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Creating Maintenance KPI’s in Three Easy Steps

The easiest way to track maintenance numbers is using a CMMS. Some maintenance departments use a different vendor for assets, work orders, inventory and PM’s, but we like to make it easy and provide all of those with our product. All of the CMMS information is integrated and easy to retrieve and look at. But having the access via your CMMS is one thing. Using all the modules to track everything maintenance is another. And the biggest and final step is using all the modules and the resulting data to inform your maintenance KPI’s.

– Defining your KPI’s

If you have already done this step, you are way ahead of the game. If you haven’t, well, the simple way to create KPI’s is to determine what makes your department successful and fits with organizational goals. For instance, if the organizational goals for the year include a percentage involving compliance or a capital planning milestone, you should build your KPI’s to measure achievements related to those objectives.

If your organization doesn’t have departmental goals for you, start with employee productivity, budget and safety. These are three winners that lend themselves to every organizational goal. We are happy to help you if you need a good set of starter KPI’s.

– Create your reports

We don’t know about you, but we think some types of reporting just illustrate numbers better than others. Is it useful to have a series of numbers on a spreadsheet to show the ups and downs of productivity? Yes, definitely. But isn’t it better to take those numbers and create a graph or chart that tells you with one look how you’re doing? We think so, which is why we added Intelligence Manager to our CMMS. It’s easy to create visually appealing charts and graphs to illustrate how you are doing with your KPI’s.

If you are not using a product like Intelligence Manager or there is an extra cost associated with using the reporting function in the CMMS you are using, you can use the charting and graphing capabilities in Excel to illustrate your success or opportunities to improve. What’s most important here is you know what you are measuring so you can create the report. For instance, if your KPI is to reduce the mean time to repair by 2%, then your report would pull information related to when the ticket was opened and closed or completed.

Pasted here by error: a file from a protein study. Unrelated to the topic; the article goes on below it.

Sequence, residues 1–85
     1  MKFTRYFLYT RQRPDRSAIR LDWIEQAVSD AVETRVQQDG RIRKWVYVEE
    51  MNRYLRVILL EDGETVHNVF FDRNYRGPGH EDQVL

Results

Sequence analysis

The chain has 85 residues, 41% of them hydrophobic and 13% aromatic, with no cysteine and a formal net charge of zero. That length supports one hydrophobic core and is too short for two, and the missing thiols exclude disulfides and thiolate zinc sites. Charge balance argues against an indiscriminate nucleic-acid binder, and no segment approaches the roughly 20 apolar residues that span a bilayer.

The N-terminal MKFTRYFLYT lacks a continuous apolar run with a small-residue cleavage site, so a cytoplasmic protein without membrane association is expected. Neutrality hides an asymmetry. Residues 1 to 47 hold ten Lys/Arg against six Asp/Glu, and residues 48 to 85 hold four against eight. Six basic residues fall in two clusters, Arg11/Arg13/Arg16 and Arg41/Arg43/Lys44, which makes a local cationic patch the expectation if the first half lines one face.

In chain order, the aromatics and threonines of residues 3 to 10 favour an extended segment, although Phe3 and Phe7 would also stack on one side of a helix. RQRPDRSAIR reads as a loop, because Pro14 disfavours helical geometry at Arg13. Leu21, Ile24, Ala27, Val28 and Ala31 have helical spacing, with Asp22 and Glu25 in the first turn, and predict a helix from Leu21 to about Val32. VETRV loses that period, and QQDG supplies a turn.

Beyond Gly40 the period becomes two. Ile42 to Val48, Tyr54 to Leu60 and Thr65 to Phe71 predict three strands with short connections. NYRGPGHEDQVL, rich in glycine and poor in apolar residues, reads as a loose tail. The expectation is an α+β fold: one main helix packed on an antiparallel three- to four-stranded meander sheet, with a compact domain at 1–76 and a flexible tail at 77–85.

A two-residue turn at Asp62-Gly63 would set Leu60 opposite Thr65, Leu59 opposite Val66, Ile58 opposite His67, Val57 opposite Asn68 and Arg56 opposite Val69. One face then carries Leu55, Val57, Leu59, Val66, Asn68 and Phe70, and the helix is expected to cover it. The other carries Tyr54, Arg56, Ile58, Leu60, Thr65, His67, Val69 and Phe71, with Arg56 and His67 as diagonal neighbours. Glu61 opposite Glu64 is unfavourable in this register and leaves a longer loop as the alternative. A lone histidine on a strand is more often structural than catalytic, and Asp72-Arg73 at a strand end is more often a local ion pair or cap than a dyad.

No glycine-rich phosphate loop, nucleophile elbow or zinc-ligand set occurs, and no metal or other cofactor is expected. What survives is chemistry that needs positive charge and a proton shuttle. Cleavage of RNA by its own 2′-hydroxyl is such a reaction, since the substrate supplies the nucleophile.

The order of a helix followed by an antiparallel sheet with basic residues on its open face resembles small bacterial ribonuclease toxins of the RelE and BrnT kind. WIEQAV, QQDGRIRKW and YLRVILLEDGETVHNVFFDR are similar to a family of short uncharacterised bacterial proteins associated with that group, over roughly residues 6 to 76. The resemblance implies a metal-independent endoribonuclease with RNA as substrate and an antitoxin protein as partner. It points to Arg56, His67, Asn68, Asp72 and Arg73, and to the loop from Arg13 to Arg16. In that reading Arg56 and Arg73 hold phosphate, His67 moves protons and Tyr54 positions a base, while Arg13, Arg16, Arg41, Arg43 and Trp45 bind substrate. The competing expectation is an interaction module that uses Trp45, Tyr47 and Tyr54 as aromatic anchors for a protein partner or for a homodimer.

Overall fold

If you are dealing with separate systems that aren’t integrated or for whatever reason don’t share information, you might have to develop some high level Excel skills to help with the numbers. If you don’t want to hone your Excel skills to expert level, we suggest taking a look at some of the available CMMS options and comparing.

– Measure your success (or failure)

Understanding the data and finding ways to improve the numbers is always the tricky part and also the most important. If you’ve streamlined your process and your mean time to repair is just off your goal you might have to evaluate how realistic your goal is. Take a look at the work orders that failed – is it because field techs had to wait on parts to be ordered? If so, are you using your inventory module and ordering is the point of failure? Examine the data to resolve the problems your field techs are facing, and your KPI’s will improve.

This is just one example of how using all the modules available to you in your CMMS helps you with your KPI’s. If one module isn’t speaking to another, there can be all kinds of hold-ups. While it all seems like a ‘this is just how it works’ moment, the reason KPI’s are created is to streamline and update the workflow to reduce budgetary spend and increase productivity.

Why It Matters

As you take a look at the results of your KPI’s and the data associated with them, you’ll start to notice patterns that lend themselves to change. Some of the change is an easy fix, like when you notice your inventory reduces by half but your work orders don’t reflect the use of many of the parts you are missing. Or when you notice it took one of your field techs four hours to change a lightbulb. Those are easy changes to track down and make.

It’s the more difficult ones, like if you scheduled your PM on a specific day, assigned it to a specific tech and that tech called in sick and the PM work order didn’t get completed. Those are the difficult questions that having a visual dashboard showing you what is going on in real time will help. And if not a visual dashboard, then certainly tracking the KPI’s by creating your own report format from month to month will.

One Responseso far.

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